Mohammad Amir is an incredible talent with the ball: Mickey Arthur

The speedster, who was initially trying to fathom his responsibilities in the team after a comeback, has come a long way under Arthur’s tenure.

Mickey Arthur
Pakistan’s head coach Mickey Arthur. (Photo by OLI SCARFF/AFP/Getty Images)

Ever since taking up the role of head coach of the Pakistan Cricket Team, Mickey Arthur has turned tables and brought new fortunes to the nation. Arthur has called his experience of coaching the Asian team fantastic and full of emotions, colour and intensity. The South African took over the coaching reigns after former coach and bowling legend Waqar Younis resigned from his post following some dismal performances in the limited-over formats.

Prior to working with Pakistan, Arthur had coached South Africa and Australia and expected to bring the experience of coaching both the teams to help the Men in Green become a better side. And to an extent, he has delivered. Under Arthur, Pakistan won the Champions Trophy for the first time but for the South African, player and structural development takes precedence.

One player who has impressed Arthur the most in the setup is Mohammad Amir. The 49-year-old veteran heaped praise on the left-arm pacer by calling him a player who craves a big occasion and then makes sure he shines in that moment.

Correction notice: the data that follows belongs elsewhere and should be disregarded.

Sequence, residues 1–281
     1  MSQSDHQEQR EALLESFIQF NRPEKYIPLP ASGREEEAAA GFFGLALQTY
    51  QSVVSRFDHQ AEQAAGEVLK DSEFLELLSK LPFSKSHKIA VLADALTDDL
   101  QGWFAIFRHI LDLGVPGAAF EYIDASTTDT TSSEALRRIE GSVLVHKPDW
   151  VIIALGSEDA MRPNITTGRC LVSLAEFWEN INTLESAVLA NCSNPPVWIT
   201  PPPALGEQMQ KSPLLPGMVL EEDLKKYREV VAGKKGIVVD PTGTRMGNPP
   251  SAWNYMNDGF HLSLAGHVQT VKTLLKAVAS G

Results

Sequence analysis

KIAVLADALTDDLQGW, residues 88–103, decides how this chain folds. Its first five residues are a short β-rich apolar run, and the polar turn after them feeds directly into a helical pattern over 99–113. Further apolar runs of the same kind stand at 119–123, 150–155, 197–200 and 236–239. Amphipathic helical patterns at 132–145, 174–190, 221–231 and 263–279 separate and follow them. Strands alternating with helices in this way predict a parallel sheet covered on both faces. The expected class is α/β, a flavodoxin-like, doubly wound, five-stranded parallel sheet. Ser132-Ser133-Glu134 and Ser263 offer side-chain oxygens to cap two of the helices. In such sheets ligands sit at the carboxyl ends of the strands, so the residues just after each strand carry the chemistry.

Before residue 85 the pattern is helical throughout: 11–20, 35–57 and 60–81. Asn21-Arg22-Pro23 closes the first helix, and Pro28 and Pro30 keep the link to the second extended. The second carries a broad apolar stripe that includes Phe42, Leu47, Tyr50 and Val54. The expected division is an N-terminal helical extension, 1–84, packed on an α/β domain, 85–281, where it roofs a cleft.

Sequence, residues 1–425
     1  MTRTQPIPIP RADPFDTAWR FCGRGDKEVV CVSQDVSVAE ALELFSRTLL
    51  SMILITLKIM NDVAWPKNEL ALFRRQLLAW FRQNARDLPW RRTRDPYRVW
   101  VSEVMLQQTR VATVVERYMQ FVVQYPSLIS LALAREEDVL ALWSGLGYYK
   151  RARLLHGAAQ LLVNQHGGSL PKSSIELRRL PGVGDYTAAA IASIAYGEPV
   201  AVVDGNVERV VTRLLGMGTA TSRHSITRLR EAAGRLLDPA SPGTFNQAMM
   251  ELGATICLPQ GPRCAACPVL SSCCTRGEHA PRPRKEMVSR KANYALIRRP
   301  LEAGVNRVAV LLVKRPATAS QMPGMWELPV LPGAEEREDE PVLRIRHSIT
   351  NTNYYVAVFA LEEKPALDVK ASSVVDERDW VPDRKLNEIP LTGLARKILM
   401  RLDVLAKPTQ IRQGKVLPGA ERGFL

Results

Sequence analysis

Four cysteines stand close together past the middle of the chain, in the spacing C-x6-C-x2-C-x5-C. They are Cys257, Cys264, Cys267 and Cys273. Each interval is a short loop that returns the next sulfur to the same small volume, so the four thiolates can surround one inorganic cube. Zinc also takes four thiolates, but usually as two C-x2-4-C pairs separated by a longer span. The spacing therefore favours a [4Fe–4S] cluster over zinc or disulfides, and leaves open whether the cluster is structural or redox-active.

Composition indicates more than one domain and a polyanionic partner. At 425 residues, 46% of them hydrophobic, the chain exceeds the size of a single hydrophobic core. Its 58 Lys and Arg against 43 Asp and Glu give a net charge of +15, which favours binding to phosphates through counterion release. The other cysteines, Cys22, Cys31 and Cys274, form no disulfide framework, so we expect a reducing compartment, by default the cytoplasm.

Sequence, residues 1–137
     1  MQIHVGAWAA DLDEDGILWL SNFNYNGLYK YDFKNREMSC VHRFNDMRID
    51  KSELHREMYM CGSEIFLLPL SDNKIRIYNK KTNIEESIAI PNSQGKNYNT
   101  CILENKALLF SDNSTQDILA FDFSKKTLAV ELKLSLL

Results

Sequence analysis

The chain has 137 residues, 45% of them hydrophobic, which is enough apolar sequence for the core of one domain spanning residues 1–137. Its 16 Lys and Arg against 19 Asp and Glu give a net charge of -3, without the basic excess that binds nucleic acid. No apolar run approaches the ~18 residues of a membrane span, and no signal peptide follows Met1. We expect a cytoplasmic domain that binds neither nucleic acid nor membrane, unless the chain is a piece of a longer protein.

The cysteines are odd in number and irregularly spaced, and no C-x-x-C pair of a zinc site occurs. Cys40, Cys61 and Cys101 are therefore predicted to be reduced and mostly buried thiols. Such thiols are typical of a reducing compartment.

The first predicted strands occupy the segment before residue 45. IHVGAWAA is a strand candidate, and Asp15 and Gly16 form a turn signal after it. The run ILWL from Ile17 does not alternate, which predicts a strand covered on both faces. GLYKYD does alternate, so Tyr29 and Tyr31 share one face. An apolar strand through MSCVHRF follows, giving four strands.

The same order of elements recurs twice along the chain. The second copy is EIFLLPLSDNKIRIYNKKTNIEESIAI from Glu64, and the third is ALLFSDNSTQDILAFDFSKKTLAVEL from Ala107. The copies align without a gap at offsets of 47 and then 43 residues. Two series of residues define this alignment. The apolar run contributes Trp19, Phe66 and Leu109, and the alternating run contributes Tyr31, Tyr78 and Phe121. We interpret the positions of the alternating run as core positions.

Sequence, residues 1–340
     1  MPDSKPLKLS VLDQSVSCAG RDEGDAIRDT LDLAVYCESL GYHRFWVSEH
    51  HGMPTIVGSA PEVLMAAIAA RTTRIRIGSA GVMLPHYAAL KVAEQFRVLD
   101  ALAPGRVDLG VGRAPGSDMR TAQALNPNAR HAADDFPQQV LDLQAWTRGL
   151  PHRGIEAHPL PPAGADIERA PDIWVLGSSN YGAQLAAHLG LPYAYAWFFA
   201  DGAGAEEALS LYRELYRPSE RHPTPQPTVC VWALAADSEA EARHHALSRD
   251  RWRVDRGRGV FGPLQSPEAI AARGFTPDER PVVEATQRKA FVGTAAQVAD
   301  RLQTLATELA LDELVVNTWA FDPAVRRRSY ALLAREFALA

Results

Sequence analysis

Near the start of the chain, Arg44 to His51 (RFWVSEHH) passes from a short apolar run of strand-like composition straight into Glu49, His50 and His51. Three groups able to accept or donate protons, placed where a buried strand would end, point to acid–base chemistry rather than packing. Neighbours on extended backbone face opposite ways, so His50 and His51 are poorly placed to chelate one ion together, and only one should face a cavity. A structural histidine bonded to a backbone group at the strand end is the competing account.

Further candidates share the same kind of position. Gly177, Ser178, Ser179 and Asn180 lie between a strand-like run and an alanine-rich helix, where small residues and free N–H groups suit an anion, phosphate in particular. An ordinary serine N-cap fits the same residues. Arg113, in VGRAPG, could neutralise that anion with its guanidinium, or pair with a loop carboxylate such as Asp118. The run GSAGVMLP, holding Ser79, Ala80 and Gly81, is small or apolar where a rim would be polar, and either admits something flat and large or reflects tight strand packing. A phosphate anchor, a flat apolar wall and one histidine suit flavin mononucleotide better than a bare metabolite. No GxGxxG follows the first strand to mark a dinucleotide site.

The speedster, who was initially trying to fathom his responsibilities in the team after a comeback, has come a long way under Arthur’s tenure.

Arthur on Amir

Lauding the pacer, Arthur said, “Amir has been outstanding. I must admit, seeing him in England and seeing him now, he’s a totally different character. In England, he was very reserved, whereas now he is very much part of the team. He was finding himself as well. I’m incredibly fond of Mohammad Amir and I admire the way he’s gone about it so much. He’s just such an incredible talent with the ball.”

The Protea added, “What I do know about Amir is that he is a big-match player. The bigger the occasion, the more he rises to it. That is not prevalent in every player. A lot of cricketers in those big, big moments disappear. Amir doesn’t. He wants those big moments. He craves those big moments. And generally, he’s pretty successful in them.”